Turns out that focusing on the good things really is the recipe for a longer life. A new study from Harvard University, published in the Journal of the American Geriatrics Society, found that higher levels of optimism were positively associated with longer lifespan, with the most optimistic women even living past 90 years old across a variety of racial and ethnic groups.
This study included over 150,000 postmenopausal women across a variety of diverse socio-economic and ethnic groups in the United States. These women, aged 50-79, enrolled in the study and were followed for a period of up to 26 years. The results of this study found that the 25% of subjects who were the most optimistic were more likely to have a 5.4% longer lifespan, and a 10% greater likelihood of living beyond 90 years of age compared to the 25% who were the least optimistic.
The authors noted that while social structure factors can affect optimism, there is still reason to look on the bright side of life, regardless of these factors, finding that being optimistic is scientifically significant for longer lifespan and overall longevity. According to Hayami Koga, a PhD candidate in the Department of Social and Behavioral Sciences at Harvard T.H. Chan School of Public Health, this new research concluded that “There’s value to focusing on positive psychological factors, like optimism, as possible new ways of promoting longevity and healthy aging across diverse groups.”
The research from Harvard noted that women who were the most optimistic were 10% more likely to celebrate their 90th birthday than the least optimistic. Based on total demographics, however, the highest vs. lowest optimism quartile in the Women’s Health Initiative study is broken down as follows:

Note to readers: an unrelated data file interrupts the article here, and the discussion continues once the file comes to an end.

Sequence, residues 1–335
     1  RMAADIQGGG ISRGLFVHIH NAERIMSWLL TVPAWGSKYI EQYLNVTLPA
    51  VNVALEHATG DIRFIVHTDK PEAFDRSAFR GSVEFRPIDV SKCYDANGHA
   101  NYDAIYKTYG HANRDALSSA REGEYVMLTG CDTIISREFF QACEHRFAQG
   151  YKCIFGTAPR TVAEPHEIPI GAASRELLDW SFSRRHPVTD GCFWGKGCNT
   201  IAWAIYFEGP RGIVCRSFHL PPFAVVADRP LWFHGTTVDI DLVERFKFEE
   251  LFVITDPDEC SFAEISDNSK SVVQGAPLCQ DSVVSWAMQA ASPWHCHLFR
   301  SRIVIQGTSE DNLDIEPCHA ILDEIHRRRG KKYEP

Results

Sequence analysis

- Overall – Associated with 5.4% longer lifespan
- White women – 5.1% longer lifespan
- Black women – 7.6% longer lifespan
- Hispanic/Latina women – 5.4% longer lifespan
- Asian women – 1.5% longer lifespan
This data shows that Black women have the highest longevity rates (at 7.6%) compared to other demographics specifically when optimism is brought into play.
Maintaining a positive outlook and optimism are undeniably large parts of the equation when it comes to living a long life, but there are other factors and lifestyle choices that come into play to ensure not only healthy lifespan, but healthy quality of life. These factors include:
- A healthy diet —It has always been important to maintain a healthy diet to benefit overall health. While the Mediterranean diet, which emphasizes fruits and vegetables along with healthy fats and whole grains, is known for its health benefits, the Japanese diet is also a great option, with adherence to this diet being associated with a longer lifespan.
- Maintaining a healthy weight—Keeping the number on the scale in a healthy range with a combo of diet and exercise is a large aspect of staying healthy.
- Nutrients—Targeted nutrients can also help support your longevity efforts. These nutrients include:
- Nicotinamide riboside: A precursor of NAD+, and a form of vitamin B3 that can fight general fatigue, support cellular energy production, and even contribute to anti-aging.
- Resveratrol: Skip the wine! Resveratrol has potent anti-aging properties, including fighting free radicals and mimicking calorie restricting diets that are key to longevity.
- Curcumin: The golden spice is knowing for its anti-inflammatory benefits, and with that, its ability to benefit whole-body health. Working to keep your joints and your brain healthy, it’s a no brainer that this extract will keep you as young as you feel.
- Managing stress—Keeping stress at bay is crucial to living a long and healthy life. There’s even evidence that managing stress can “un-gray” your hair! And who wouldn’t feel optimistic about that?
Is Vitamin E Good for PCOS?
Nanjing University of Chinese Medicine, July 25, 2022
Can women with polycystic ovary syndrome (PCOS) get pregnant? The answer is: yes…but it can be more challenging than for women without this hormone imbalance condition. For reproductive-age women, the hallmark of PCOS is high androgen levels (the “male” hormone), which can lead to irregular periods and difficulty getting pregnant. But, as daycares full of babies conceived with a little “help” can attest, there are options.
A new study published in BMC Women’s Health suggests that vitamin E may be helpful for women with PCOS undergoing ovulation induction.